A Coretta Scott King Honor Book
Told in two distinct and irresistible voices, Junauda Petrus's bold and lyrical debut is the story of two black girls from very different backgrounds finding love and happiness in a world that seems determined to deny them both.
Port of Spain, Trinidad. Sixteen-year-old Audre is despondent, having just found out she's going to be sent to live in America with her father because her strictly religious mother caught her with her secret girlfriend, the pastor's daughter. Audre's grandmother Queenie (a former dancer who drives a white convertible Cadillac and who has a few secrets of her own) tries to reassure her granddaughter that she won't lose her roots, not even in some place called Minneapolis. "America have dey spirits too, believe me," she tells Audre.
Minneapolis, USA. Sixteen-year-old Mabel is lying on her bed, staring at the ceiling and trying to figure out why she feels the way she feels--about her ex Terrell, about her girl Jada and that moment they had in the woods, and about the vague feeling of illness that's plagued her all summer. Mabel's reverie is cut short when her father announces that his best friend and his just-arrived-from-Trinidad daughter are coming for dinner.
Mabel quickly falls hard for Audre and is determined to take care of her as she tries to navigate an American high school. But their romance takes a turn when test results reveal exactly why Mabel has been feeling low-key sick all summer and suddenly it's Audre who is caring for Mabel as she faces a deeply uncertain future.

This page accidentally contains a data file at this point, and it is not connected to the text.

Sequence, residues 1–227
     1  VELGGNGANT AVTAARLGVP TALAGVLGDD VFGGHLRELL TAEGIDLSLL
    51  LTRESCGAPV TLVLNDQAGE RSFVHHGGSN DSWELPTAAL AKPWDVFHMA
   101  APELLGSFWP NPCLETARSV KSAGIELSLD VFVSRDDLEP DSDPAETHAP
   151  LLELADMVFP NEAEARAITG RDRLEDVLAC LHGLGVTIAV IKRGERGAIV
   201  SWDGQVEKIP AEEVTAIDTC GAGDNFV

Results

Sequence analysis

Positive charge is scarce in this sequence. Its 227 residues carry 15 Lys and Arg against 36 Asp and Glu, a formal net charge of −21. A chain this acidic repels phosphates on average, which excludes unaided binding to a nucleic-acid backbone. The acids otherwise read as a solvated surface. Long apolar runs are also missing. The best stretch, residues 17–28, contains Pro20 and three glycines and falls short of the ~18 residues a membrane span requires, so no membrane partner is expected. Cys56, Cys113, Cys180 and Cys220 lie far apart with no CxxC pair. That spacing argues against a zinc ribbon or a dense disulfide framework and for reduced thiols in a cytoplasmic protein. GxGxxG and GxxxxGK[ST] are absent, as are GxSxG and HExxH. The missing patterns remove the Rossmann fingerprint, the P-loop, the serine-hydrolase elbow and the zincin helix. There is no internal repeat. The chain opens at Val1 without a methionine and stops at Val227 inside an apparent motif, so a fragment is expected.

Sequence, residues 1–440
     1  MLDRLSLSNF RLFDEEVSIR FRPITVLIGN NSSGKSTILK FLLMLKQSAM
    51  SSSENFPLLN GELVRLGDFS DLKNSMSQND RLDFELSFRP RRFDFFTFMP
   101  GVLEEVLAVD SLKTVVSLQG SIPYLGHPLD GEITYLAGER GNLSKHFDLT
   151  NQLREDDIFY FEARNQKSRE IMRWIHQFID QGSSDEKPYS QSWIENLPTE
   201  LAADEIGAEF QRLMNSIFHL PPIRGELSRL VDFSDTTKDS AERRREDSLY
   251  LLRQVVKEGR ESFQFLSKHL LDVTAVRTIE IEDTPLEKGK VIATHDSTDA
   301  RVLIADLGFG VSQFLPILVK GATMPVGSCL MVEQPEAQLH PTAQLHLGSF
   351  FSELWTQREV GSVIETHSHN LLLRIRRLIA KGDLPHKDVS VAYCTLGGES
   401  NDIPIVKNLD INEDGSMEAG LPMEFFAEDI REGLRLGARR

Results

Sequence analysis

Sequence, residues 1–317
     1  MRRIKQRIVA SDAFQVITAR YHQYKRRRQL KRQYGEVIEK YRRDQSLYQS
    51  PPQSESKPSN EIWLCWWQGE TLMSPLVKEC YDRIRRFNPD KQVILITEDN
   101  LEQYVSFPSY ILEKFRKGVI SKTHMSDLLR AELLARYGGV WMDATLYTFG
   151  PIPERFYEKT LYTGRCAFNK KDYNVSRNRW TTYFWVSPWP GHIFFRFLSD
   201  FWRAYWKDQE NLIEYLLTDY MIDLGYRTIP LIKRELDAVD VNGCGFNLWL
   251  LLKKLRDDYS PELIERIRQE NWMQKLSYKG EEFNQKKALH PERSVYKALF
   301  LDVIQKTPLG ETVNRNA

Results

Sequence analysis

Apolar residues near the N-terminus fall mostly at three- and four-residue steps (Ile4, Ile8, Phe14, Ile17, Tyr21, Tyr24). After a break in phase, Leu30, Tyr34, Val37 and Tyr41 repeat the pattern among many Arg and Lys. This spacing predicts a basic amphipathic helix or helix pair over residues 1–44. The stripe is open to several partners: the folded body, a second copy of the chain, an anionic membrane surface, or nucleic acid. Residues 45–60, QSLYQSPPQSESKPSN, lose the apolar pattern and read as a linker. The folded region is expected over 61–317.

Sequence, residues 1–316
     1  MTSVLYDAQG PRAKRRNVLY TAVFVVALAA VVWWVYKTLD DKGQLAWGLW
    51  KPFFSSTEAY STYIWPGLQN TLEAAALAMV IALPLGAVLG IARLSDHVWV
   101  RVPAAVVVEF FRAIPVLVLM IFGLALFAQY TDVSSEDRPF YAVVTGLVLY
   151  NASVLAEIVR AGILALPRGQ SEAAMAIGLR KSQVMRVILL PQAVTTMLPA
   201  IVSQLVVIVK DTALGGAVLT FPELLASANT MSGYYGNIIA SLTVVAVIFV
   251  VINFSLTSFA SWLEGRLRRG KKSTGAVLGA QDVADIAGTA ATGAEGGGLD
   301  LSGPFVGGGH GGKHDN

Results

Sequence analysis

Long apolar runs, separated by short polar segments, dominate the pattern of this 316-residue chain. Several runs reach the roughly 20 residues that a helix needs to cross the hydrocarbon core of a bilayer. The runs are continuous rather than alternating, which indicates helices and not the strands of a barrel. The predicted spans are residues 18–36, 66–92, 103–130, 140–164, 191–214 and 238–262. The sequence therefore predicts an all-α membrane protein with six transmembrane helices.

Junauda Petrus's debut brilliantly captures the distinctly lush and lyrical voices of Mabel and Audre as they conjure a love that is stronger than hatred, prison, and death and as vast as the blackness between the stars.
After 16-year-old Audre's homophobic mother catches her in the arms of her girlfriend, she is shipped from her home in Trinidad to her father in Minneapolis. There, Audre is reunited with her childhood playmate, Mabel, who is slowly coming to terms with her own sexuality, based on her feelings for her ex-boyfriend, her best friend, and the late, great Whitney Houston. Mabel is quickly smitten with Audre, and the girls begin to grow closer until an unexpected medical diagnosis threatens to halt their budding love story. Faced with her own mortality, Mabel seeks out her life's meaning in the stars and in the words of an infamous death row inmate, while Audre explores her loving conjurer grandmother's spiritual teachings for an impossible cure for Mabel's disease. Enfolding lyrical poetry entries told in the girls' alternating voices that correspond to each "season" of the zodiac, Petrus's earnest debut successfully, touchingly combines elements of fantasy, bittersweet realism, and potent, affecting spirituality to tell the coming-of-age story of two complex, beautifully drawn young black women whose friendship and love draw them together even as Mabel's failing health pushes them apart. Ages 14 up.
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